Earlier today the BoE released its February Inflation Report; as expected the big theme was deflation. The Governor of the BoE Mark Carney said that inflation is more likely than not to go negative in the coming months but underplayed fears of persistent deflation in the UK.
The Inflation Report is overwhelmingly positive about the prospects of the UK economy not withstanding risks coming from abroad. The BoE is optimistic that falling inflation will give a boost GDP growth through stronger demand and an increase in real incomes. Key to this argument is that deflation is imported – through the collapse in oil prices and deflation in the Eurozone – rather than a reflection of domestic economic conditions which allows the BoE to look through such large one-off falls in prices.
This means that while inflation will go negative in the coming months it should edge up towards the latter half of the year as these effects drop out of the annual rate and slack in the economy is absorbed. The pickup in inflation should be supported by real wage growth as falling unemployment and an increase in average hours worked are exercising upward pressures on wages.
An increase in earnings combined with falling inflation will also give a further boost to consumption growth while the Bank also expects robust business investment. Productivity growth is also predicted to underpin growth in the medium term but there remains considerable uncertainty around that forecast. Based on this outlook the Bank judges that inflation expectations remain broadly consistent with the 2% target within the next two years. However, the MPC considers that inflation is as likely to be above as below the target risks are moderately skewed on the downside.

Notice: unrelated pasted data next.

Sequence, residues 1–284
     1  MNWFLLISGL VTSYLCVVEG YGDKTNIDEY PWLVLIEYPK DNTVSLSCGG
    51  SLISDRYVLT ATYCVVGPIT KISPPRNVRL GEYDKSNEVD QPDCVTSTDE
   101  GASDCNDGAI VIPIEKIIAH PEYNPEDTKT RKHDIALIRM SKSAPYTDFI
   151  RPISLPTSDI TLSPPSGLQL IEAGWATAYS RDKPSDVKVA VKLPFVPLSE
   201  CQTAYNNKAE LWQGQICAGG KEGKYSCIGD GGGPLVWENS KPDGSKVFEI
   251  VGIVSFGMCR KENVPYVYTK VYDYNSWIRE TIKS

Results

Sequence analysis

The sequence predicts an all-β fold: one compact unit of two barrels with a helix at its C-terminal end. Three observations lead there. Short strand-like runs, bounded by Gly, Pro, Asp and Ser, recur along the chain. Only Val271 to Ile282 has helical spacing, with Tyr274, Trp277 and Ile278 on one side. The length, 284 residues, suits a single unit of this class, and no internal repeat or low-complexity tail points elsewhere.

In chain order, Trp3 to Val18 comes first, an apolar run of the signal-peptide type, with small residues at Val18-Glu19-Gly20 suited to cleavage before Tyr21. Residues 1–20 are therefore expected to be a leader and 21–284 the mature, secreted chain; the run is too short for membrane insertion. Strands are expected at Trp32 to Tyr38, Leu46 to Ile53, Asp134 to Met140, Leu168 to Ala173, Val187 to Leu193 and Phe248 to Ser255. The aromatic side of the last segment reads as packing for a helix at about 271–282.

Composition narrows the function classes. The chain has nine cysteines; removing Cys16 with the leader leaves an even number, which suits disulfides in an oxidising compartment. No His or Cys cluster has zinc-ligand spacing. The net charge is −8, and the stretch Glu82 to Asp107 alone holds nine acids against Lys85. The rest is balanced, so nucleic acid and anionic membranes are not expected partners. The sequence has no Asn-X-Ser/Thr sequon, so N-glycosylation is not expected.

The fall in oil prices coupled with expansionary monetary policy throughout the globe should also support global demand. The Bank’s projections assume that world GDP growth will recover gradually this year, supported by the fall in oil prices.
There are notable downside risks to this forecast however; persistent sluggish growth in the Eurozone, potential market disruptions when US interest rates rise, and economic challenges in major commodity exporters put a dent on this positive outlook.
The Eurozone is seen as a particularly acute risk with discussions on a new program for Greece currently on-going. The Governor said that direct exposure to Greece is minimal but its indirect impact on the Eurozone’s growth prospects will have consequences for the BoE’s forecasts. On the upside, the ECB’s launch of QE should provide some growth stimulus to the Eurozone.
Falling inflation means no rush to increase interest rates and the BoE voted to maintain the Bank rate at 0.5% and the stock of purchased assets at £375 billion. The Governor also said that the most likely next movement in the Bank Rate remains upwards.